No. Some significant changes in status may have a dramatic impact on a resident's MI/ID status, while others may have little or no impact. For example, a hip fracture that limits mobility may seriously exacerbate a person's behavioral symptoms, especially if the individual does not fully comprehend why their mobility has suddenly changed. By contrast, an individual who develops a pressure ulcer may experience no changes in their MI/ID status.
Note that there are no rules to determine when a significant change in condition should warrant a referral to the mental health or intellectual disability authority. It is ultimately a judgment call, to be made by the individual's care team. If there is any doubt, however, you should place the call and talk to the staff at the relevant authority about what is happening with the individual. Even if the state staff ultimately conclude that a resident review is not necessary, the call will give you an important opportunity to talk to the staff about the kinds of changes that might require a referral.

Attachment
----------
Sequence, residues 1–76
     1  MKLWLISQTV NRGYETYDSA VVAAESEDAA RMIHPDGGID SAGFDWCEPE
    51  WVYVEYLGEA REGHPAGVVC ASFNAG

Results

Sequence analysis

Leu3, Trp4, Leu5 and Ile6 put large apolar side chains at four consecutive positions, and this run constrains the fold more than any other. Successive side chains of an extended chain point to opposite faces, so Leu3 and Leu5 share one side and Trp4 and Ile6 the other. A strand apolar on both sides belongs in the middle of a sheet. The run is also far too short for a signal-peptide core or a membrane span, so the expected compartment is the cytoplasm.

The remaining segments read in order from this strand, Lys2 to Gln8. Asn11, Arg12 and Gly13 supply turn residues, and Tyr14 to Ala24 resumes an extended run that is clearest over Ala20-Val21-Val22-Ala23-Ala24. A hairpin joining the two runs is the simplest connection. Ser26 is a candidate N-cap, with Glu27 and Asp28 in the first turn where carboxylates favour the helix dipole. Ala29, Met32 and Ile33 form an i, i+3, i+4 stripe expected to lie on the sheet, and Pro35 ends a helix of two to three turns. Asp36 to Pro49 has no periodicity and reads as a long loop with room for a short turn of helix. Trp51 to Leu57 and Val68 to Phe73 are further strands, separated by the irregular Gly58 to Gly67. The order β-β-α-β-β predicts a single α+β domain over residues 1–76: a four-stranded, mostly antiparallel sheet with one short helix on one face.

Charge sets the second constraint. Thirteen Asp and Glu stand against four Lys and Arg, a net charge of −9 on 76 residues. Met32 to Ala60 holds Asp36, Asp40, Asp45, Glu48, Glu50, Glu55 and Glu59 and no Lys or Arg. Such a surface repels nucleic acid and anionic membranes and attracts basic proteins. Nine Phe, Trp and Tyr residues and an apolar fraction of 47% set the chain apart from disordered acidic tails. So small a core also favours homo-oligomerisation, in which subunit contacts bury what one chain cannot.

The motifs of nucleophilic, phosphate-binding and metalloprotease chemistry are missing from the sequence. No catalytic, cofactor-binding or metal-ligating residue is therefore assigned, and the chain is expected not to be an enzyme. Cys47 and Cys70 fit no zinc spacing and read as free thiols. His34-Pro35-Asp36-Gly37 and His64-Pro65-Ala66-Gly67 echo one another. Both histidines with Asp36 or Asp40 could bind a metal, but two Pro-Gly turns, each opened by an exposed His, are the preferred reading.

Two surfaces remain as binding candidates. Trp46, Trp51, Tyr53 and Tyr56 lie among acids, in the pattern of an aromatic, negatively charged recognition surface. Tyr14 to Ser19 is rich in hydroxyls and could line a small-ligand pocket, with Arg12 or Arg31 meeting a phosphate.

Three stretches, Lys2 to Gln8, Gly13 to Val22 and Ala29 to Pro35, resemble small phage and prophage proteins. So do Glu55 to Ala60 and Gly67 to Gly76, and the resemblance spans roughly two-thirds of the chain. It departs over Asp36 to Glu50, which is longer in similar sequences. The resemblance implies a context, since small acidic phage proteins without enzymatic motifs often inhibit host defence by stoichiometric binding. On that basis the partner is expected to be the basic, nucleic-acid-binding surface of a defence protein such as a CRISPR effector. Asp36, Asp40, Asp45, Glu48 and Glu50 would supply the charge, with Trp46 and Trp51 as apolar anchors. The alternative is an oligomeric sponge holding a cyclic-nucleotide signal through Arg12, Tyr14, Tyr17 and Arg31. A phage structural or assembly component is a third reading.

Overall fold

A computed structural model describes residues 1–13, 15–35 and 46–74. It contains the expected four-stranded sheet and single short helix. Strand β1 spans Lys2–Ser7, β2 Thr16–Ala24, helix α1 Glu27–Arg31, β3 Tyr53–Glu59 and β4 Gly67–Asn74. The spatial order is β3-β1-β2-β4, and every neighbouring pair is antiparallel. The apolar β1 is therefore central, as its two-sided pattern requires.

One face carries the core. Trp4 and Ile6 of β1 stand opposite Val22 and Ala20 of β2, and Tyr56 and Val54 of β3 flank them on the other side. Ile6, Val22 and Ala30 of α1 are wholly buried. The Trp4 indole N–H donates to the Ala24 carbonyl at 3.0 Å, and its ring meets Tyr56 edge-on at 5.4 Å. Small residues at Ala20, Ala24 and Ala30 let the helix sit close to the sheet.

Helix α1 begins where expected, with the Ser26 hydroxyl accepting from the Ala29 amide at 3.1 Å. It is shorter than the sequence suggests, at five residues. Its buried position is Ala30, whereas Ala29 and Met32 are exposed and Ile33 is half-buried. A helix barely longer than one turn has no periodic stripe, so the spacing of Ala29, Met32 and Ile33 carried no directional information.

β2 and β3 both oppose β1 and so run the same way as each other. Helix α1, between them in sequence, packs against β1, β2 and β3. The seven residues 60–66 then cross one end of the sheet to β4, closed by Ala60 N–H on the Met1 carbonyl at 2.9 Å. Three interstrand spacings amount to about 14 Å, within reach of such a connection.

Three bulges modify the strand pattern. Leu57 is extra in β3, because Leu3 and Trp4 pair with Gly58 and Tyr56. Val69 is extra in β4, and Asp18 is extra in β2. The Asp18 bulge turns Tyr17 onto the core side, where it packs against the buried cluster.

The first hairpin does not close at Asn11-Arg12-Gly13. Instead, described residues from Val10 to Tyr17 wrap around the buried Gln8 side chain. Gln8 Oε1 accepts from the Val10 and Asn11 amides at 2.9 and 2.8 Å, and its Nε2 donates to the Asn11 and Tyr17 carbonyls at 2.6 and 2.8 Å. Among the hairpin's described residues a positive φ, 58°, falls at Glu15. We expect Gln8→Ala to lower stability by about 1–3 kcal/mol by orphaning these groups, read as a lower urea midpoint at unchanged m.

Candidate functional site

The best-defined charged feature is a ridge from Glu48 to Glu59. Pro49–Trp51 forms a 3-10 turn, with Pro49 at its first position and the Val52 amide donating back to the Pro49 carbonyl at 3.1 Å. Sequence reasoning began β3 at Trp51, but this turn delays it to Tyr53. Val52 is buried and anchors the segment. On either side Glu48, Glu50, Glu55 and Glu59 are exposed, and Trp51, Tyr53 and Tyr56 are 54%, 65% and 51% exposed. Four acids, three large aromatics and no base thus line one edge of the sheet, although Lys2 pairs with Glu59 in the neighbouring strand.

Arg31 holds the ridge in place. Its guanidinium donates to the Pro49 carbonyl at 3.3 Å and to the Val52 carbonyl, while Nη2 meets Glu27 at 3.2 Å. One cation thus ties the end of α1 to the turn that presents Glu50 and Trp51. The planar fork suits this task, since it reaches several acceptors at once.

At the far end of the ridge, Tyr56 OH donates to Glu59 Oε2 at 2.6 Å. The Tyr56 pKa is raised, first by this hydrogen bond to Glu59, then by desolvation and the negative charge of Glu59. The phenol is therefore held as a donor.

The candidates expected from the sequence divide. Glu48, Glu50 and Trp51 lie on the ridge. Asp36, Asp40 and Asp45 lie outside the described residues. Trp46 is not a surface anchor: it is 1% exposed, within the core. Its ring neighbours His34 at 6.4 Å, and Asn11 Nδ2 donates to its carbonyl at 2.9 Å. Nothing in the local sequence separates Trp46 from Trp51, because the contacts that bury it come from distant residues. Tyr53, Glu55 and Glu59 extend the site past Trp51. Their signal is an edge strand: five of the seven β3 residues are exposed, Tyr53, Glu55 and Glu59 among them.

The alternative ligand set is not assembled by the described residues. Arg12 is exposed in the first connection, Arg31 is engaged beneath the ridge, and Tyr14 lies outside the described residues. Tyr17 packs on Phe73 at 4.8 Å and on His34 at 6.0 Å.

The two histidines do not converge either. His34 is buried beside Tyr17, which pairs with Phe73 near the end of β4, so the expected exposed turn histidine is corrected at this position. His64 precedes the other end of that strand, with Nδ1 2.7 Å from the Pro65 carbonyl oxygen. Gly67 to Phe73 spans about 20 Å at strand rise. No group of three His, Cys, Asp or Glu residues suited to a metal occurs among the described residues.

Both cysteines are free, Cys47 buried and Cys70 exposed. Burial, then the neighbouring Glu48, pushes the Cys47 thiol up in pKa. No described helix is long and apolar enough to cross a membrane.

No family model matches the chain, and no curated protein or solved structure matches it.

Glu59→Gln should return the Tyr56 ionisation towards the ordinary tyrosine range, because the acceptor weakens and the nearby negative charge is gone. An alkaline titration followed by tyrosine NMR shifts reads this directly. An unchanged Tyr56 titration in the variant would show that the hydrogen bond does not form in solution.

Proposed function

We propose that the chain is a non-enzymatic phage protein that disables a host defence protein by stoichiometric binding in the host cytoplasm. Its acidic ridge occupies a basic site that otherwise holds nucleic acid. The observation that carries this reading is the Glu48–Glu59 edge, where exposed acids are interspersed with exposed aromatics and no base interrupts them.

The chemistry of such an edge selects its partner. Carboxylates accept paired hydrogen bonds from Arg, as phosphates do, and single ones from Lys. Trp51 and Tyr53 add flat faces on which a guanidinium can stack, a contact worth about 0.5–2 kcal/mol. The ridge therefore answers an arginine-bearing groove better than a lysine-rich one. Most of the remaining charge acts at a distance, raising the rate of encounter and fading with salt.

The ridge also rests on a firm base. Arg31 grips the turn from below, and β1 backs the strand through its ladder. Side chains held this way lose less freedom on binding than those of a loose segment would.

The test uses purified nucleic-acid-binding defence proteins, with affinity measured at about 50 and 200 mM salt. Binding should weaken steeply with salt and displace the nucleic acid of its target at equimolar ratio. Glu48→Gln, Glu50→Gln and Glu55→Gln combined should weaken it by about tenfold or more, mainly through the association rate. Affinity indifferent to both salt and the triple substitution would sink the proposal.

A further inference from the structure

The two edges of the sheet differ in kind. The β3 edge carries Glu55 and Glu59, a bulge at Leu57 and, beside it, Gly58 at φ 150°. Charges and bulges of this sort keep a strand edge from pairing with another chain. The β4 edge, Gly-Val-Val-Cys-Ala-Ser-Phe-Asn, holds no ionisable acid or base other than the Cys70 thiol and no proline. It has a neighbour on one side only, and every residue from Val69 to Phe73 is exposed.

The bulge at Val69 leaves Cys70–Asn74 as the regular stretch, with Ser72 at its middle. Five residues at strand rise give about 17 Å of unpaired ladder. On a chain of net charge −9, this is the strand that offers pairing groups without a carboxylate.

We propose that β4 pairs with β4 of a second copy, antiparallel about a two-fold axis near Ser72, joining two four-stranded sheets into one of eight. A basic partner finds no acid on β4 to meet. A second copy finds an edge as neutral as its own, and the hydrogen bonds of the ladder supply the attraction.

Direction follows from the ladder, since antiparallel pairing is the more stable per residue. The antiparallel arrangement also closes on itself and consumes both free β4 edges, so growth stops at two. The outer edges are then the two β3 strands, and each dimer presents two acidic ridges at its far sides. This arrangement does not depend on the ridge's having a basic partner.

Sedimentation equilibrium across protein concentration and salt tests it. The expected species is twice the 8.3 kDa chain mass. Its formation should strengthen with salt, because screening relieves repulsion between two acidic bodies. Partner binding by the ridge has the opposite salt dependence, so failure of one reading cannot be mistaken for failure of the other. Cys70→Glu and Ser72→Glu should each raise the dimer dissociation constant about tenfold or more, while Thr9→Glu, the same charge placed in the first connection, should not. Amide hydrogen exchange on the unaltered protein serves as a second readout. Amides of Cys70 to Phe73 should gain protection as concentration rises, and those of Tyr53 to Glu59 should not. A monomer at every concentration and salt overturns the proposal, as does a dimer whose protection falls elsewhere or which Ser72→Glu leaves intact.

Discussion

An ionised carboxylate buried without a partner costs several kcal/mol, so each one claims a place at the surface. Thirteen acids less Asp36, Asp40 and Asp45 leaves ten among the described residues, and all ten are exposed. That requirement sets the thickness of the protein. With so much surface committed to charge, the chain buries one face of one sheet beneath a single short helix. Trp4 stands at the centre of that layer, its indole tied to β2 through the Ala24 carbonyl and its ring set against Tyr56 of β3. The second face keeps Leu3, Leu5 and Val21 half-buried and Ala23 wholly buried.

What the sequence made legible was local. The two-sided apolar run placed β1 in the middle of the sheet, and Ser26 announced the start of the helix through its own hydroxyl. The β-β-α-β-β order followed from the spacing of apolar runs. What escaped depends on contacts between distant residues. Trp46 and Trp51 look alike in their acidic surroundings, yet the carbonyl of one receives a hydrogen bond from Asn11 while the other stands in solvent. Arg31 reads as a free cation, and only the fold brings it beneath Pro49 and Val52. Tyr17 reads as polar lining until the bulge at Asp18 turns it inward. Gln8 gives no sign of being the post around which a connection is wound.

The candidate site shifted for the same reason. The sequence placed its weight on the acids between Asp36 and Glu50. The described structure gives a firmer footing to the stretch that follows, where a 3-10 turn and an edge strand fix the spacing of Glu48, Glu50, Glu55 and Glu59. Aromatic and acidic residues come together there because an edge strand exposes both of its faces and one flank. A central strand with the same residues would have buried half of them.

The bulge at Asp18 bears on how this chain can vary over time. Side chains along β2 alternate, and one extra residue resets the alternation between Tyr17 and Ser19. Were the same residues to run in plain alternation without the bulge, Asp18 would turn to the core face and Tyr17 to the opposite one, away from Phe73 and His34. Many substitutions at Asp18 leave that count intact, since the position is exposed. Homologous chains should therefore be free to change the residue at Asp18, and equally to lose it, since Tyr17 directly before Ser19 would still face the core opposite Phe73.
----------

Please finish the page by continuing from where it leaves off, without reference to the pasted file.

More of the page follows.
As with PASRR itself, the aim of Question A1500 is not to generate a series of fixed rules ("if resident undergoes significant change of Type X, contact the mental health authority"). Rather, the goal is to ensure that the needs of residents with MI/ID are being addressed properly, and their care is holistic and person-centered.